A meniscus tear feels different from other knee injuries like an ACL rupture, patellar tendon rupture, muscle strain or joint dislocation, which involve larger structures, require more force to tear, and are often felt as a pop, stretch or tear with immediate burning and sharp pain. The meniscus, a gelatinous C-shaped disc, does not have a lot of nerves to sense pain, and there is not as much local blood flow.
Mending a meniscus tear by an orthopedic surgeon is a fairly simple procedure. It causes little trauma, since it does not affect the bone, and nothing needs to be replaced. There may be some swelling and stiffness, but many times there is less pain immediately after surgery. Pain related to the meniscus is generally hard to pinpoint—an MRI diagnosis is required. The pain is usually described as an ache to the front, on either side, or on a spot at the back of the knee.
A meniscus tear usually causes swelling, a loss of range of motion, and pain during weight-bearing activity and at the extremes of range of motion. Many times the knee will "lock," "click" or "pop" with movement.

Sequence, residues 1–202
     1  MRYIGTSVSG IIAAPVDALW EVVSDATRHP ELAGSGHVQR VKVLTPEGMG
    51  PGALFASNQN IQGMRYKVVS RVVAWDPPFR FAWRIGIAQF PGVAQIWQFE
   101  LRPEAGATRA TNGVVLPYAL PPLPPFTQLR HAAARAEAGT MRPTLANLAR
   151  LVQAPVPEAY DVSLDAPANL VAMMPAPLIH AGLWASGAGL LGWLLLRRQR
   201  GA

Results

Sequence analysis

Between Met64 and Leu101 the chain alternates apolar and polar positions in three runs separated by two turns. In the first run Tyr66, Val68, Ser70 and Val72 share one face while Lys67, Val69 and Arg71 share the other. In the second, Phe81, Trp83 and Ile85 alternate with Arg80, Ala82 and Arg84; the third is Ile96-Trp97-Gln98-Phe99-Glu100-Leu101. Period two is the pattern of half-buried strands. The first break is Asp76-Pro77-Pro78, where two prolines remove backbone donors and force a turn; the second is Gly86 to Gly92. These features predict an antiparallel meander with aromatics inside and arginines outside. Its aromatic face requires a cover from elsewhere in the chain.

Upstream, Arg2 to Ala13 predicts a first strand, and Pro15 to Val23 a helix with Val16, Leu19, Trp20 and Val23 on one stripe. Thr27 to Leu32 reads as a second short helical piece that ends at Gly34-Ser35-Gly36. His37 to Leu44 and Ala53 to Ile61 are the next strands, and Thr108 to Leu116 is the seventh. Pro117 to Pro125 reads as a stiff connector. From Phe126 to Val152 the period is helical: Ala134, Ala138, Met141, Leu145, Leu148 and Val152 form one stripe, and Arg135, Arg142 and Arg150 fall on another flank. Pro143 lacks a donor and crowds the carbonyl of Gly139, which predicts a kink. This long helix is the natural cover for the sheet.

Because the meniscus is not involved in dynamic joint stability, it is generally safer to resume activity sooner than with other knee injuries.
Alleviating the Pain
Try walking on an underwater treadmill. Swim gently to loosen up the knee. And try non-weight-bearing range-of-motion exercises like Heel Slides, Supine Hamstring Stretches and Wall Slides.
Perform Straight Leg Raises lying on your back, on each side and on your stomach.
Do Ankle Pumps by simply flexing your ankle as if stepping on and off a gas pedal. Also try Quad Sets—isometric contraction of the quads to improve blood flow and decrease swelling.
Overall, as with other knee injuries, each meniscus injury is different based on the location and size of the tear. It's important to have the injury properly diagnosed and treated to ensure you receive care at the right time and in the right way.
- How to Prevent a Meniscus Injury
- The Athlete's Trouble Spots: Knees and Shoulders
- STACK Science: How Knee Injuries Occur and How to Prevent Them
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